Singapore wants to revive the stock market. Could major Asian markets hold the answers?

Auditor of Singapore Exchange (SGX).

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For years, Singapore’s regulators have tried to boost the attractiveness of its stock market.

The city-state’s economy may be bigger than Hong Kong’s, but the total value of Singapore’s listed companies is about 7 times smaller.

The total listed value of the securities market on the SGX in May was S$798.55 billion ($590.47 billion).

Meanwhile, the Hong Kong Stock Exchange had a market capitalization of 32.9 trillion Hong Kong dollars ($4.21 trillion) at the end of May.

Analysts who spoke to CNBC say possible solutions include greater engagement with investors and looking to “validate” programs such as those in Japan and South Korea.

Liquidity in Singapore

Singapore’s stock market may have previously been described as “boring” and “unexciting”, but in reality, SGX’s overall performance Straits Times Index is stronger than the Hong Kong standard Hang Seng Index.

IST has seen annual gains every year since 2021, with the exception of 2023 when the stock market fell 0.34%. In contrast, HSI recorded four consecutive years of losses, including declines of more than 10% annually between 2021 and 2023.

However, Singapore’s stock market has been plagued by thin trading volumes and more hatchings than listings.

SGX’s turnover rate, a measure of market liquidity, stood at 36% for the full year 2023.

In comparison, data from the World Federation of Exchanges showed that the Hong Kong Stock Exchange recorded a turnover rate of 57.35% in the same period and 103.6% on the Japanese Stock Exchange, an indication that Japan saw total trades that exceeded its total market capitalization. .

Lessons for Singapore

1. Evaluate the programs

In a note on May 8, financial services provider CGS International suggested that one way to boost Singapore’s stock market could be to consider “value enhancement programs” in other major markets in Asia, such as Japan and Korea of the South.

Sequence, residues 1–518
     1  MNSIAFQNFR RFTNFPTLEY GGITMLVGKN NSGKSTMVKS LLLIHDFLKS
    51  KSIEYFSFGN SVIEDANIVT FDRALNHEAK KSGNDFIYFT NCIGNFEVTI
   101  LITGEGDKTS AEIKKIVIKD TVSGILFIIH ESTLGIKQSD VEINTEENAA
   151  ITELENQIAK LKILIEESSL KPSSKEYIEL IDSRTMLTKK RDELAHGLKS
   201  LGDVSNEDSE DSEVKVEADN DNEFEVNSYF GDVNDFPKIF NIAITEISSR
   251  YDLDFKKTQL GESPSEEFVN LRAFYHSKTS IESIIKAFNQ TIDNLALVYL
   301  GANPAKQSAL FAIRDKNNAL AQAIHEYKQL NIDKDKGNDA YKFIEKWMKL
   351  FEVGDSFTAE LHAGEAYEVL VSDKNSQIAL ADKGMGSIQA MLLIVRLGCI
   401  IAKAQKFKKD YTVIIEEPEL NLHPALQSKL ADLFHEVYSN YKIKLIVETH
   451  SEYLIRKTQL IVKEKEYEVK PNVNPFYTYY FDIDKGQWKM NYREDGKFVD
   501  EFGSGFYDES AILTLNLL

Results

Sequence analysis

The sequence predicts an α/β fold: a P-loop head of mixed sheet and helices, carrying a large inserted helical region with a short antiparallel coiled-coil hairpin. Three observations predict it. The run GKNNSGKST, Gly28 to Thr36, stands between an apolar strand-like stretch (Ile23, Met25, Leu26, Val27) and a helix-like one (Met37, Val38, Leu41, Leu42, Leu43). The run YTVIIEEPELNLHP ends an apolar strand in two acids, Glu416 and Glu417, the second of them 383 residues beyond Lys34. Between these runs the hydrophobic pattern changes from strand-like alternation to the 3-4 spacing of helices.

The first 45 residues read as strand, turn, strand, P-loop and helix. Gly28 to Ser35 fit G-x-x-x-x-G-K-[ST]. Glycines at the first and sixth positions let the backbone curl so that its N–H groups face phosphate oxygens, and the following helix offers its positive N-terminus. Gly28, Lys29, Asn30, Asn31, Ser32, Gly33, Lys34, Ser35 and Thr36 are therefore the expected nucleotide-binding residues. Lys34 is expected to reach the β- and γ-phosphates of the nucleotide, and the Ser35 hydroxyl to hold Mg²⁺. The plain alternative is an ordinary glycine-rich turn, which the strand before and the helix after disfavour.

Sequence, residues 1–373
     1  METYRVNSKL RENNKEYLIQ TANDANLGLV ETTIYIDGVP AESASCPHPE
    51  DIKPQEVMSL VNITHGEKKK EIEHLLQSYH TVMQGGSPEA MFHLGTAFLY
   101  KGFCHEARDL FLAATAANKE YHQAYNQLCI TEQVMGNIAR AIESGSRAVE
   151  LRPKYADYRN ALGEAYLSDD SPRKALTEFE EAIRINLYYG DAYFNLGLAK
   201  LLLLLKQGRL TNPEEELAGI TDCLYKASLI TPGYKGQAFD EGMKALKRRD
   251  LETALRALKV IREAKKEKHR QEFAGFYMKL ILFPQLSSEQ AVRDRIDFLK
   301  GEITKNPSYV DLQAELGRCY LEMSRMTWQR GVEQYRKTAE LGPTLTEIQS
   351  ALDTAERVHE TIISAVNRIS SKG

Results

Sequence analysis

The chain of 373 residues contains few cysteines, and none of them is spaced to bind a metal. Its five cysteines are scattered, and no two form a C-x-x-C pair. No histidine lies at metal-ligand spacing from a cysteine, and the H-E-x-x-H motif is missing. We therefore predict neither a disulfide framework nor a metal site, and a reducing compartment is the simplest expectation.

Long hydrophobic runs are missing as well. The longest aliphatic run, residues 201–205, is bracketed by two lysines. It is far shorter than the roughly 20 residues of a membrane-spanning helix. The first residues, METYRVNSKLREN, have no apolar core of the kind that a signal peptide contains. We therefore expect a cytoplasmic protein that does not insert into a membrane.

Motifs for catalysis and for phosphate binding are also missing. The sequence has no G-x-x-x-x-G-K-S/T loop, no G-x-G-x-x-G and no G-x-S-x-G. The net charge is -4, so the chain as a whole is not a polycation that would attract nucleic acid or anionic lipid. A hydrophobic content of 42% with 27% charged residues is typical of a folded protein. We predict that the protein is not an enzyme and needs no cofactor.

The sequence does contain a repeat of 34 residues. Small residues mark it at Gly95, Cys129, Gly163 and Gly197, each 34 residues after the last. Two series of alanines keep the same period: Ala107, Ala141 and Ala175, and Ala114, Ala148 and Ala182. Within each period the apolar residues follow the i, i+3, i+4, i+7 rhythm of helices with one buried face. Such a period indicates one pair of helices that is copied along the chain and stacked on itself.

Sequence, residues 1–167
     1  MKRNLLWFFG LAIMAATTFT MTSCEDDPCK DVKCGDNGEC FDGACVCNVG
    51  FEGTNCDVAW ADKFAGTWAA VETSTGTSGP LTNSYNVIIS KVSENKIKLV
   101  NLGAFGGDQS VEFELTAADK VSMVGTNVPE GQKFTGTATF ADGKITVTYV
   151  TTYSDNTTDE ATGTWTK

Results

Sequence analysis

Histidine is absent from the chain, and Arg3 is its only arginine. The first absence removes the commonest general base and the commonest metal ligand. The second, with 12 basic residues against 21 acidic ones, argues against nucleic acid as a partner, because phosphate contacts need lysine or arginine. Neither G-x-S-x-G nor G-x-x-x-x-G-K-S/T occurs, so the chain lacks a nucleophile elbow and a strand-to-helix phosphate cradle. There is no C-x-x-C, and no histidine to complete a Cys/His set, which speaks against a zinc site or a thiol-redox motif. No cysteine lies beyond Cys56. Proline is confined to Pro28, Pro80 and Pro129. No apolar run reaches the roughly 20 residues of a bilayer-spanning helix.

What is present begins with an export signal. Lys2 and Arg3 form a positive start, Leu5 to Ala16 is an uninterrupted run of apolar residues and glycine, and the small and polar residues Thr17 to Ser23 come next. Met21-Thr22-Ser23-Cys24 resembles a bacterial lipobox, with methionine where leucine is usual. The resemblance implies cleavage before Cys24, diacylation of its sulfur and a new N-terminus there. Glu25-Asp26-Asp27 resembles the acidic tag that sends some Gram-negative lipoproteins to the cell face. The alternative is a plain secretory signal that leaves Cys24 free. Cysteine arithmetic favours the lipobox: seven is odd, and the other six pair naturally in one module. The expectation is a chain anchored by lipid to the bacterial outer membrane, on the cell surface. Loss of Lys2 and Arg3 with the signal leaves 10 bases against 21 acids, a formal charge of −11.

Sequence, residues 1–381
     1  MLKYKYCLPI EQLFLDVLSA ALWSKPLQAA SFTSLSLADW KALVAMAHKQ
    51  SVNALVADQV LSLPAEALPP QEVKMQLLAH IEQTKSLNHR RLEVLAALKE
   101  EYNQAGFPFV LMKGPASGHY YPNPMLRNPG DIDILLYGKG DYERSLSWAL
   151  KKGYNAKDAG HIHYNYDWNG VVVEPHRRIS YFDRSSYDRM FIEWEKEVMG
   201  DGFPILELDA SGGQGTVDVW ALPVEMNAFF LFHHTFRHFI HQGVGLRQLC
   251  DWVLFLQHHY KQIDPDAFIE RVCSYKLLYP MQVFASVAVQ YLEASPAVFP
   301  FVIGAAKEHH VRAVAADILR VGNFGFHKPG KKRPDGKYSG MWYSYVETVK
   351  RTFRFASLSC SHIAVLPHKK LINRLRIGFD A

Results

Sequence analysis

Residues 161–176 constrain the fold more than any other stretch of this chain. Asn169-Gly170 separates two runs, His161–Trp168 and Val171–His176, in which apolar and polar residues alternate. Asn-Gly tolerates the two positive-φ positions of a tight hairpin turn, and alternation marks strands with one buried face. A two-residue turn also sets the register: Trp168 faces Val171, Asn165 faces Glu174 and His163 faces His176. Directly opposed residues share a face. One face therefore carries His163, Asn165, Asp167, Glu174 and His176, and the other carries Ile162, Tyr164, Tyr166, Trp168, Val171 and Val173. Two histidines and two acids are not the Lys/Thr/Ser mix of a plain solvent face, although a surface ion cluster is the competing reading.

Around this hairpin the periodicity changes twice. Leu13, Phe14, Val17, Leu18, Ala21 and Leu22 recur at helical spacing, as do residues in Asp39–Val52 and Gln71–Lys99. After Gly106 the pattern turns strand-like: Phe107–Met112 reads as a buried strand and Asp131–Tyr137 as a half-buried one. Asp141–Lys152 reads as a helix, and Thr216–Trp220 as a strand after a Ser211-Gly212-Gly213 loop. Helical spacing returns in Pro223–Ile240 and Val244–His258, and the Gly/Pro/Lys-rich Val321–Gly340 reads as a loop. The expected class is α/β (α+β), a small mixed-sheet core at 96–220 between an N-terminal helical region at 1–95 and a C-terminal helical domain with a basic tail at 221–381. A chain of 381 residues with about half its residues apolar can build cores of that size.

Market regulators in Japan and South Korea have reorganized their markets, adopted new regulations and implemented programs to increase the value of their listed stocks.

While South Korea has yet to report any results from these efforts, CGS International noted some promising results from Japan.

As of the end of September 2022, 50% of shares listed on Japan’s main market were trading below book value, a sign that investors may think the company isn’t worth what it’s on paper.

Since the reforms began in 2023, this ratio has improved to 36% on April 15.

In Singapore, Maybank Investment Banking Group estimates that 67% of SGX shares were trading below book value, although CGS International noted that stocks such as real estate investment trusts are trading below book value due to the high interest rate environment .

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“We note that in the case of Japan and Korea, the determination to improve stock market conditions is supported by top-level management from stock exchanges and the involvement of academia, market participants and relevant government bodies,” CGS analysts said.

The Financial Times reported in May that SGX is considering proposals from the Singapore Venture & Private Capital Association to improve its attractiveness.